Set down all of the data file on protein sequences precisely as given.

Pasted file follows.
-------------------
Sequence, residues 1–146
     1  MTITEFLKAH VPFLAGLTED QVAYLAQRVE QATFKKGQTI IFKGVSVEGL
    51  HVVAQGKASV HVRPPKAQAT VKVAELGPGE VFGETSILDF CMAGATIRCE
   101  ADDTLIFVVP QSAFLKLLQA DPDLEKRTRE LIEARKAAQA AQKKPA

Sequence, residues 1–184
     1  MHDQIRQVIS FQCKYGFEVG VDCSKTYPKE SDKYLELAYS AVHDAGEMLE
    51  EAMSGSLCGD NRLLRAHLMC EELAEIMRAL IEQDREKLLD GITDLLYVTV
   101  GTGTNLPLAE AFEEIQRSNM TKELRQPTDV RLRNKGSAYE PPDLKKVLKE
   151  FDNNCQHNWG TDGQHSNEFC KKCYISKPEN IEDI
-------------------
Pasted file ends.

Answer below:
Sequence, residues 1–146
     1  MTITEFLKAH VPFLAGLTED QVAYLAQRVE QATFKKGQTI IFKGVSVEGL
    51  HVVAQGKASV HVRPPKAQAT VKVAELGPGE VFGETSILDF CMAGATIRCE
   101  ADDTLIFVVP QSAFLKLLQA DPDLEKRTRE LIEARKAAQA AQKKPA

Sequence, residues 1–184
     1  MHDQIRQVIS FQCKYGFEVG VDCSKTYPKE SDKYLELAYS AVHDAGEMLE
    51  EAMSGSLCGD NRLLRAHLMC EELAEIMRAL IEQDREKLLD GITDLLYVTV
   101  GTGTNLPLAE AFEEIQRSNM TKELRQPTDV RLRNKGSAYE PPDLKKVLKE
   151  FDNNCQHNWG TDGQHSNEFC KKCYISKPEN IEDI